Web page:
Boy welcomes special skills
COXHEATH — Mark MacLeodHillier, 13, is getting some help from a clever dog named Wilco as he deals with the physical effects of muscular dystrophy.
Last week, Mark graduated from a three-week Lions Foundation of Canada Dog Guides training course in Oakville, Ont. — he was the youngest person there — and returned to his Coxheath home with the 20-month-old golden Lab-golden retriever mix.
A special skills dog, Wilco, when commanded by Mark, will fetch objects like mittens, open and close doors by tugging on a rope, open a refrigerator to get things like a bottle of water and, using a skill that is appreciated by Mark’s mother, Tara MacLeod, bark on command until help arrives.
“I just like him. He’s quiet, he’s calm, he’s never hyper,” Mark said during an interview Wednesday. “He likes me.”
Tara applied to the Lions Foundation of Canada Dog Guides last year, it sent someone to the house to do an assessment and soon after informed the family it had a match dog.
The foundation paid the travel costs and put Mark and his mother up at a training centre in Oakville.
“ Where Mark is in a power chair, they look for a dog that is a little more active and tends to be a little stronger, so they can keep up with the power chair,” said Tara. “ The dogs that are more active tend to be more eager so they are more willing to do their tricks.
“ The big things for Mark are (Wilco) can fetch things, he can pick things up from the ground, so if Mark is out for a walk by himself and he drops something, Mark can’t reach it. So the dog can pick it up and put it in his lap.”
Wilco can also bark for help, she said. “It’s a big thing.” The dogs are also trained to push alert buttons to summon help, although Tara notes that Mark is rarely on his own.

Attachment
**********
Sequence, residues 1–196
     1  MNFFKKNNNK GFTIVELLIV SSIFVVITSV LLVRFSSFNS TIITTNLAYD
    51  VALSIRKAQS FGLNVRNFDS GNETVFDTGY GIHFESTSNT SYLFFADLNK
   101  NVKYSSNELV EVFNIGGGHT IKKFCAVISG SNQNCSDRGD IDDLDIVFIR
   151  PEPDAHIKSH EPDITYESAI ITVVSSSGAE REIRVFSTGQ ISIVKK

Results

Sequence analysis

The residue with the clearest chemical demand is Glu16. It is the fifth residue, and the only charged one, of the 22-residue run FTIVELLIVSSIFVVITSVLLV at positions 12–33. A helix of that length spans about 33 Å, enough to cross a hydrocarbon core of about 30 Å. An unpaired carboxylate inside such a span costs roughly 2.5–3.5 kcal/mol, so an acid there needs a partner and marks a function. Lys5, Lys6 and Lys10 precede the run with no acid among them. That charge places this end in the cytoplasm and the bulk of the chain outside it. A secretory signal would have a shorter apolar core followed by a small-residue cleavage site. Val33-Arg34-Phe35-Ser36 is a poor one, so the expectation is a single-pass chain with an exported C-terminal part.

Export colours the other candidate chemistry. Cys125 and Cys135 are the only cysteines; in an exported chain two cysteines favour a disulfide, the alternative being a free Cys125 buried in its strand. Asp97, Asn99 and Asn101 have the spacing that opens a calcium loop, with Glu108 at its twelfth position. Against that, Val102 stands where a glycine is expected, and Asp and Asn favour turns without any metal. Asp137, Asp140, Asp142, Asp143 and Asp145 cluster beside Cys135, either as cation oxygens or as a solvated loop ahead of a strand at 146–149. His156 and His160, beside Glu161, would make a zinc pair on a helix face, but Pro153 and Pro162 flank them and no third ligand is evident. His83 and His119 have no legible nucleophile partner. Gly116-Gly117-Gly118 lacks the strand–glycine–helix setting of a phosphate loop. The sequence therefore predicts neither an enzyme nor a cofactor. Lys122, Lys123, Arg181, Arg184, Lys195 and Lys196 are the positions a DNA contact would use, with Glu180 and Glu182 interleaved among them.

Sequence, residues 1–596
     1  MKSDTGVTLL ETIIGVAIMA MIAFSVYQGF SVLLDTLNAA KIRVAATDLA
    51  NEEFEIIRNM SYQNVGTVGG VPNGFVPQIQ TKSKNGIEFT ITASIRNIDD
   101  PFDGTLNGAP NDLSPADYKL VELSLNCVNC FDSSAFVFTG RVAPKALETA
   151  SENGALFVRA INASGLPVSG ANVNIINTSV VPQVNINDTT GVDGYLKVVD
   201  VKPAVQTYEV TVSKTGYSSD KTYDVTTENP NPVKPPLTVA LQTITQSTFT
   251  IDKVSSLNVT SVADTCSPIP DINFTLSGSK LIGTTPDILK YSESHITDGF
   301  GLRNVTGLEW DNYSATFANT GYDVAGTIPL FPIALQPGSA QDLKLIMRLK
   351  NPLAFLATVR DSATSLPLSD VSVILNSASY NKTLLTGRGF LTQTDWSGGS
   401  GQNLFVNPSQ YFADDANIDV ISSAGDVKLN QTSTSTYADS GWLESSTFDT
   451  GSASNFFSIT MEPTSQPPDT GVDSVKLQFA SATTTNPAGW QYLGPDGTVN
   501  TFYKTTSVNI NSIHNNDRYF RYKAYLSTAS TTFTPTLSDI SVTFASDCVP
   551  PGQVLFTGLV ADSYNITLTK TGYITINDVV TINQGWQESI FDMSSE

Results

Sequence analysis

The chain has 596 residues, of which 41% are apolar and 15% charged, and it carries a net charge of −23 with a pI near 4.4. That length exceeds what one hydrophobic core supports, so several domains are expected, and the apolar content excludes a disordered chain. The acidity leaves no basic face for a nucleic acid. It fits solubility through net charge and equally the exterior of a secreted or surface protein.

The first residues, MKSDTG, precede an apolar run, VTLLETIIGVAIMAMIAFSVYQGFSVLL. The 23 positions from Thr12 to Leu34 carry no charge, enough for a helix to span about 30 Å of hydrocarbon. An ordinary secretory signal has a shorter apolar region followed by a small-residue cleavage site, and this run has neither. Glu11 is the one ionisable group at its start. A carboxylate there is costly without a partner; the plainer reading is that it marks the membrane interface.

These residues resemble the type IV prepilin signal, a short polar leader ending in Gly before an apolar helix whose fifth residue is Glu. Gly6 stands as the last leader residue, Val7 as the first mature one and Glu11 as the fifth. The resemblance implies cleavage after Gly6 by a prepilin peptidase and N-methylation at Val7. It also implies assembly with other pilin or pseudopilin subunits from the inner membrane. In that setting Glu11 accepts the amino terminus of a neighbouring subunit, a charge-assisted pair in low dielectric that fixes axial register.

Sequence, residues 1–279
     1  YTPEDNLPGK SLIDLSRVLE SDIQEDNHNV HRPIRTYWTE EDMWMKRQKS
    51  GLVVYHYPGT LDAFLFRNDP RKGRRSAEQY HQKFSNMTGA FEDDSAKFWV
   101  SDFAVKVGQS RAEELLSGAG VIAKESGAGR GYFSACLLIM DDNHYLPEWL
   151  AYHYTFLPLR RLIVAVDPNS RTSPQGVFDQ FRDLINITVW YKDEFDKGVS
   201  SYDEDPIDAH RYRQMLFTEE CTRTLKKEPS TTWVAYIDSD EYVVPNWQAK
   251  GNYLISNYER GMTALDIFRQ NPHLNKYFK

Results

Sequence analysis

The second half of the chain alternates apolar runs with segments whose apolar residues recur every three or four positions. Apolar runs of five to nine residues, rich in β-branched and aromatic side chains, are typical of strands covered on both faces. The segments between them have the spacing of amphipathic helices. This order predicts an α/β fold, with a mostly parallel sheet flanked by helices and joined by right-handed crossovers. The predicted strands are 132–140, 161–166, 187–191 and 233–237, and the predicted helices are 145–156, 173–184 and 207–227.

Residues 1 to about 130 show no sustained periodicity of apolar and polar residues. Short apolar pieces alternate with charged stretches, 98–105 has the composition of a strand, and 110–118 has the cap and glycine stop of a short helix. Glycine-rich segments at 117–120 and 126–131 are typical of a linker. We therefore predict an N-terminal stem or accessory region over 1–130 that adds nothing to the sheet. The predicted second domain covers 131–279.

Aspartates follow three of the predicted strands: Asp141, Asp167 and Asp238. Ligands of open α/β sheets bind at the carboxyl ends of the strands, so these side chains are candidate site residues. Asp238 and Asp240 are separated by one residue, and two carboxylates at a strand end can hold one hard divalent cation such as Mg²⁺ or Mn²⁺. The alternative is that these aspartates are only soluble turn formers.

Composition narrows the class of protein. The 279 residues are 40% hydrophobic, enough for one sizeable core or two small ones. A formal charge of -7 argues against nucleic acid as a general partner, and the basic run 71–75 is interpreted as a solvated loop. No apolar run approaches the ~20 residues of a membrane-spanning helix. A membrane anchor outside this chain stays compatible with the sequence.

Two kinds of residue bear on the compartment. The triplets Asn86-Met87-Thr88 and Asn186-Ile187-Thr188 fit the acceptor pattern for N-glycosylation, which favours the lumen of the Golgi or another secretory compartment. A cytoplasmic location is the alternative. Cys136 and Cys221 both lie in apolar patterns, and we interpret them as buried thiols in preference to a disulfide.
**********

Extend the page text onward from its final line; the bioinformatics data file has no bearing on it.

“It’s something we may look into in the future.”
Tara said with Wilco for company, Mark can do more things on his own.
Lions Foundation of Canada Dog Guides gives out about 120 dogs a year, said Melissa Eckersley, a spokesperson.
The dogs start out with foster owners for a year and train for six months before meeting their new owner, so they have to be able to adapt, she said.
“It’s better for the dog and individual if the dog is more willing to go from person to person and then be able to develop a great bond with that final person.”
Mark will take Wilco to MacLennan Junior High School next week where he is a Grade 7 student.
Classmates and teachers can’t pet Wilco, Tara said.
“ They are working dogs. Even at home, I’m not allowed to pet him; no one in the family is. He has to bond with Mark and Mark only. Mark has to do everything. He has to feed him, give him his treats. He has to groom him. I can help him with the things he can’t do but the rest of the things he has to do himself.”
The less people pay attention to the dog, the easier for Mark, she said.
Wilco suffered separation anxiety when Mark left for school on his own.
“It’ll be a best friend for him and these dogs have an average working life of ... eight to 10 years,” said Tara. “So if he has a best friend for 10 years that’s always going to be by his side and he’s number one in his books, then he’s happy and so am I.”
A special skills guide dog named Wilco snuggles into the legs of his new partner Mark MacLeod-Hillier, 13, at his home in Coxheath, Wednesday. Mark is dealing with the physical effects of muscular dystrophy and was recently paired up with Wilco through the Lions Foundation of Canada Dog Guides.